• Many SCDMH community mental health centers operate mental health clinics in rural counties that are distant from the main center. For example, Beckman Center for Mental Health Services’ catchment area covers seven counties. The use of telepsychiatry within catchment networks allows psychiatrists based at the main center to serve outlying satellite clinics without having to travel to those locations. This technology provides patients in need of mental healthcare both scheduled and urgent access to psychiatric services.
  • SCDMH has also recruited agency psychiatrists to supplement catchment areas experiencing a shortage of available psychiatric time by utilizing telepsychiatry. These psychiatrists are located in a central geographic location and provide telepsychiatry services from that central location to locations across the state.
  • Services are provided to child, adolescent, and adult patients.
  • Recruiting psychiatrists is challenging in many locations, especially rural areas. Driving to remote rural clinics consumes valuable time better spent serving patients.

The South Carolina General Assembly has provided more than $2 million in State Appropriations since inception to support the program.

How DMH leadership continues to look for opportunities to use Telemedicine technology

On May 1, 2017, the Assessment Mobile Crisis (AMC) team at Charleston Dorchester Mental Health Center (CDMHC) began a Telehealth Pilot Project with Charleston County EMS (CCEMS). Funded by an MUSC Telehealth Grant, the pilot project was created in an effort to appropriately divert behavioral health patients from local Emergency Departments and hospitals. CCEMS uses the telehealth technology on all 911 calls which are identified as psychiatric in nature. It first sends a staffed ambulance to evaluate the individual for medical needs for emergency transport. If there are no medical concerns, a CCEMS supervisor, with the telehealth equipment, is dispatched to the scene. At this time, the ambulance is able to leave the scene, returning to service for other calls. AMC is contacted by the supervisor, and they establish a video connection using HIPAA compliant software called Vidyo. The AMC clinicians are able to use this platform to gather information from police, EMS, the patient, and any friends/family on scene. AMC staff provide a full emergency mental health assessment, and coordinate the linking of the patient to the appropriate level of care. Possible dispositions include: follow-up with outpatient treatment; admission to the Tri-County Crisis Stabilization Center; inpatient treatment (voluntary and involuntary); and/or a link to treatment for substance use disorders.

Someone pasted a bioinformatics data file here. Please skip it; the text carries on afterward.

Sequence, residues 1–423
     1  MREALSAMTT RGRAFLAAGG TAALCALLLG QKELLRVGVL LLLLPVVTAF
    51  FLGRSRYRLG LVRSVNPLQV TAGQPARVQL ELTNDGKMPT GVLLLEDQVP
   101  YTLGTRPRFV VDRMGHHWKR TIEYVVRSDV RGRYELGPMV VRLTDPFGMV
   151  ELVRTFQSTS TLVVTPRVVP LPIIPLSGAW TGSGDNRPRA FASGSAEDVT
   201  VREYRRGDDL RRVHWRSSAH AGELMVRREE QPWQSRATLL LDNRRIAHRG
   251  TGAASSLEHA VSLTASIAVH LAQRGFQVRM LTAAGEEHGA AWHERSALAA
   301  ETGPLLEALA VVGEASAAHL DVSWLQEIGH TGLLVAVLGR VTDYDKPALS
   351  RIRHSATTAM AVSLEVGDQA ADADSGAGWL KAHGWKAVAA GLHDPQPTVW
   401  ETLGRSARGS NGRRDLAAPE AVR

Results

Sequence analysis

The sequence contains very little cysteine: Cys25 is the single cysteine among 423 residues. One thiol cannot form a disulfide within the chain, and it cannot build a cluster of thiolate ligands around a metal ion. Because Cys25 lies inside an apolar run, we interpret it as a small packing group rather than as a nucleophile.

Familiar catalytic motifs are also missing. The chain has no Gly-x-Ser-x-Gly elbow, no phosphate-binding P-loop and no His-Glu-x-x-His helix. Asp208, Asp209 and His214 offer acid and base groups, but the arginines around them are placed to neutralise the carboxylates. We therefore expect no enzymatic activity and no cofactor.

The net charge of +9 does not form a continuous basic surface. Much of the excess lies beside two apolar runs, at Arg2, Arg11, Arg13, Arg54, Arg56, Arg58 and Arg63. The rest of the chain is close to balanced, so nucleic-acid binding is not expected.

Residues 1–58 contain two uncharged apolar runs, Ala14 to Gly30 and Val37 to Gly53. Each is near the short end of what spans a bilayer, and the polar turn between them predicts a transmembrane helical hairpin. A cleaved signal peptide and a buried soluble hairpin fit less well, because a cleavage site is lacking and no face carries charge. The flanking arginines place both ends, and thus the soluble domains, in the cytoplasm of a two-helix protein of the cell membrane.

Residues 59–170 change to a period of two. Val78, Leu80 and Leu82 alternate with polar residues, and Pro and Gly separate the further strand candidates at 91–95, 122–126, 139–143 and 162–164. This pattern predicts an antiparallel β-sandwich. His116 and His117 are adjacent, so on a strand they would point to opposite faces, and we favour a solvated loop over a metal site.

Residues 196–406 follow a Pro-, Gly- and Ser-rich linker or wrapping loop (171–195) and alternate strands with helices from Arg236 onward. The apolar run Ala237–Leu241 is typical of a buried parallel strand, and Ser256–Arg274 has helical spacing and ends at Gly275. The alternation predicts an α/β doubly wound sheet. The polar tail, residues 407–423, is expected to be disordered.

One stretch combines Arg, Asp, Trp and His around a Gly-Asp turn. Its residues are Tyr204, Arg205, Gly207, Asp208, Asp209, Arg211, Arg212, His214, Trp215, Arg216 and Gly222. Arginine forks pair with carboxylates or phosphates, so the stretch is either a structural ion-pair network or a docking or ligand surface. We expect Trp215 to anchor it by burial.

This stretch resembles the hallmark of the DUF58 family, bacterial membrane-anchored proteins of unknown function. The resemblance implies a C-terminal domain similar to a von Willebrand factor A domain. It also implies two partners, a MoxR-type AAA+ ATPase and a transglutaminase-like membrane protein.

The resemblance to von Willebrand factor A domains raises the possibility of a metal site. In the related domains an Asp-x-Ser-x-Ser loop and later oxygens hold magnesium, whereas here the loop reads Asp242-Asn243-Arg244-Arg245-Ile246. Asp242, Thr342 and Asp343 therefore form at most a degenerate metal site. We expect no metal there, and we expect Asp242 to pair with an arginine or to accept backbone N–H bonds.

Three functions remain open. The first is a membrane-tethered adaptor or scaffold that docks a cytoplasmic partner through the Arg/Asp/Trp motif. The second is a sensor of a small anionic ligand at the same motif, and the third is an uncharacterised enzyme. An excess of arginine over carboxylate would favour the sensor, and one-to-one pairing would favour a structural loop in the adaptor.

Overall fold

Prior to this pilot project, CCEMS only called AMC 4-5 times a year, due to its need to quickly return the ambulance to service for other emergency calls in the community. CCEMS reports transporting most of the behavioral health patients to the ED as a result of its need to quickly complete the call. Using telehealth assessments has significantly decreased the amount of time needed to complete the intervention, and has allowed for the ambulance to quickly return to service without transporting to the ED. In the first 3 months of the project, CCEMS called AMC 163 times. Of these 163 calls, 51% were diverted from an ED. Also, due to AMC helping patients use their natural support systems to access care, only 29% of all of the calls required EMS transport to an ED. The estimated cost savings for the healthcare system in the first 3 months (cost of ambulance transport and a basic ED visit) was approximately $206,600.

SCDMH’s Telepsychiatry Programs now comprise the Deaf Services Telepsychiatry Program, Emergency Department Telepsychiatry Program, Community Telepsychiatry Program, EMS Telehealth Pilot Project, and Inpatient Services Telepsychiatry Program.

Future plans for DMH’s Telepsychiatry Programs include:

  • Continued expansion of the Emergency Department Telepsychiatry Program
  • Continued expansion of the Inpatient Services Telepsychiatry Program
  • Alignment of services with primary care providers
  • Implementation of a telepsychiatry component into the SCDMH School Mental Health Program
  • Continued recruitment of ED telepsychiatrists
  • Deployment of physician extenders to provide telehealth services